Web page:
In the News

Santa Cruz council OKs local business preference; leaders also finalize rule on desal vote

By J.M. BROWN
Santa Cruz Sentinel, 3/14/12

SANTA CRUZ - The City Council on Tuesday passed a local business preference for city contracts with providers of goods and services costing more than $10,000.

Locally owned businesses, those with at least one employee in town, will receive a 2 percent advantage over lower bidders from out of town. Locally owned businesses will get an additional 4 percent advantage.

The way the policy works is that if the lowest bidder is from out of town, the city would choose a local business or locally owned business at their original bid price if the difference is within 2 percent for local businesses or 6 percent for locally owned businesses. The city would absorb the difference in cost, an estimate for which was not available Tuesday because of the varying price of bids.

City staff originally proposed a 3 percent advantage for local businesses, but the council pushed for the two-tier policy. The ordinance, which excludes construction contracts because of their potentially high cost, was also changed in consultation with the advocacy group Think Local First to define a locally owned business as one in which at least half of the owners reside within the county.

Also Tuesday, the council unanimously denied an appeal from the primary lien holders of the Torch Lite Inn, whose previous owners are undergoing bankruptcy proceedings, to discharge nearly $780,000 in unpaid hotel occupancy tax that accumulated from 2005-2010. Hotels are required to collect the tax from guests.

Barbara Choi, the city's risk manager, said the company was warned that if it took ownership, it would be liable for the unpaid tax. Nearly $780,000 is equivalent to about 70 percent of the library's annual budget or the average annual cost of at least four police officers.

But a lawyer for Pacifica L33, which foreclosed on the Riverside Avenue property, argued the company shouldn't have to repay the tax burden because it will either be wiped out by the bankruptcy court or paid by the previous owner through a reorganization plan.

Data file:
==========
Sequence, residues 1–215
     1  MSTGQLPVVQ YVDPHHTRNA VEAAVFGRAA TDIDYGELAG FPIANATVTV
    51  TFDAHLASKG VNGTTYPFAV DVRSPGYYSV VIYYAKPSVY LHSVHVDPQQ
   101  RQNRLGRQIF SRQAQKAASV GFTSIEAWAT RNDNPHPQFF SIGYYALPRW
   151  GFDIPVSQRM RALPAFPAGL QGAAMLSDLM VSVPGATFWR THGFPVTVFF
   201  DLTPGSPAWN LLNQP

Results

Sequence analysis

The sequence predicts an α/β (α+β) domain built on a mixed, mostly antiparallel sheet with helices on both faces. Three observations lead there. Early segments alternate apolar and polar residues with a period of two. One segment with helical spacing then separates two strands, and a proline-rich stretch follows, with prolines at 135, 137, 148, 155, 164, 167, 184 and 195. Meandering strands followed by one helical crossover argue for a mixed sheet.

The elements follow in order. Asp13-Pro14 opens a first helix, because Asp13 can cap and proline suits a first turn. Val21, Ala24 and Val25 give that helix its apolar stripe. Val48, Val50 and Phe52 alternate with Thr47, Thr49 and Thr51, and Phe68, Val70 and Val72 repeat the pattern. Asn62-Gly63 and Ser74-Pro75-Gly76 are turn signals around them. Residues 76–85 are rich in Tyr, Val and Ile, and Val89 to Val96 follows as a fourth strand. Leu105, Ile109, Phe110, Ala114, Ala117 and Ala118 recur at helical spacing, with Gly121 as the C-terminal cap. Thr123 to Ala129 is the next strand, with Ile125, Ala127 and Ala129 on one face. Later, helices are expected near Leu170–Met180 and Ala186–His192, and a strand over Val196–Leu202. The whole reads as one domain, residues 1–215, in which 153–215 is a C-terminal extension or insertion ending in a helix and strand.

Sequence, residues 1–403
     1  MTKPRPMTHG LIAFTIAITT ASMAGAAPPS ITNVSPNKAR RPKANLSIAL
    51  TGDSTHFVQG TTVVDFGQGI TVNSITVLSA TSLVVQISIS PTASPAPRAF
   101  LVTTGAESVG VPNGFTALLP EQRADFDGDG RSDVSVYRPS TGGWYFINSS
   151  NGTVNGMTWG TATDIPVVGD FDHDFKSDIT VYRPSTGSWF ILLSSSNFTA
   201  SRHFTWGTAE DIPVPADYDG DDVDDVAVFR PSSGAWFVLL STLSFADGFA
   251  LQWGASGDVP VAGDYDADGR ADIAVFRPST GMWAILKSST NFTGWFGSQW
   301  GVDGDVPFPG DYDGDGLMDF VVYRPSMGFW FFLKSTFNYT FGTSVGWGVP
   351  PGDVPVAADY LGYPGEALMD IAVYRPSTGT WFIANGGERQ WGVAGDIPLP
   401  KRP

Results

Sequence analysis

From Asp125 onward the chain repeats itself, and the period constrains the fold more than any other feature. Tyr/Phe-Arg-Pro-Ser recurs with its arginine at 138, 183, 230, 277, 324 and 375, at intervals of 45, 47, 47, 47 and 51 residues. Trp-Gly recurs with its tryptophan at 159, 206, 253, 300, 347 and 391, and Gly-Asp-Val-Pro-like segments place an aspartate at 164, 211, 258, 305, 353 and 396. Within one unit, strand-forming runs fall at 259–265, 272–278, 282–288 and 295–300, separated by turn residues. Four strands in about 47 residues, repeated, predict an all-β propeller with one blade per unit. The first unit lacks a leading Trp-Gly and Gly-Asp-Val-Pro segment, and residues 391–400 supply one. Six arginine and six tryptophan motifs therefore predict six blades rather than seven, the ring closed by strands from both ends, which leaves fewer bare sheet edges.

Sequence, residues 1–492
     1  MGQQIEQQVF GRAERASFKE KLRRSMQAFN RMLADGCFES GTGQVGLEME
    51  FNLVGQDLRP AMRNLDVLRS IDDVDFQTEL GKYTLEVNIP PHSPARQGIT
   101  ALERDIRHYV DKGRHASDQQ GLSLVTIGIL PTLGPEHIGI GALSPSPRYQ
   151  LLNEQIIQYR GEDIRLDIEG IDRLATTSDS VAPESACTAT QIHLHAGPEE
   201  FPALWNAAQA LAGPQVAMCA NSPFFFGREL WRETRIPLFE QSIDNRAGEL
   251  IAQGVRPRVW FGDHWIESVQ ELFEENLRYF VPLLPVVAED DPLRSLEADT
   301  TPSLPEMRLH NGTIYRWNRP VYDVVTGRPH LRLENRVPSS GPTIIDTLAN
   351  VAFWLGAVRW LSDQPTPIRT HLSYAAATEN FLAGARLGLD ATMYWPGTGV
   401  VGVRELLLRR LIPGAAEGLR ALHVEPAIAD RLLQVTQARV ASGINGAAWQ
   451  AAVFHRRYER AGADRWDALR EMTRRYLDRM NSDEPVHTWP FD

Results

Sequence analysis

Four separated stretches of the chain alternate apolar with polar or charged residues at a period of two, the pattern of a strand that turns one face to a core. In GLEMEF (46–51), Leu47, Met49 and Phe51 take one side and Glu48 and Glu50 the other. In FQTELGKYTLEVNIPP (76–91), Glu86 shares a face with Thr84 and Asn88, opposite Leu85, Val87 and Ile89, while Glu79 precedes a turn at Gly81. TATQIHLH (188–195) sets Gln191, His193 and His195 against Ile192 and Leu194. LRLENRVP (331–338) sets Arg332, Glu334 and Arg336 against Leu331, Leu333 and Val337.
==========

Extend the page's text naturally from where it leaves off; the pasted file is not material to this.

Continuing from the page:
"I don't think there is going to be anything left for us to owe," attorney Laura Palazzolo said.

Also Tuesday, the council took a second and final vote on a new ordinance requiring voter approval before the city constructs a seawater desalination plant. There were no objections from the public at the meeting, but desal opponents have expressed past concern that a future council could simply undo the ordinance.

The Right to Vote on Desal Coalition is gathering signatures for a charter change amendment that would appear on November's ballot. The amendment, which requires verified signatures of 15 percent of registered city voters, would give voters the right to weigh in at a future election.

City officials argue their ordinance does the same thing and have urged the desal opponents to drop their measure, saying it will cause the city to unnecessarily fund two elections for the same purpose.

"In light of what we are doing today, it's not a prudent use of the city's money," Mayor Don Lane said.

The earliest the plant could come up for a vote in any event would be June 2014.

The desalination facility, estimated to cost at least $115 million, is undergoing an environmental analysis that isn't expected to be completed until this summer at the earliest. If approved by the council and put to voters, the Westside facility must still get the OK of the state Coastal Commission.

Also Tuesday, the council also honored Carol Scurich, the city's recreation superintendent, for 25 years of service.

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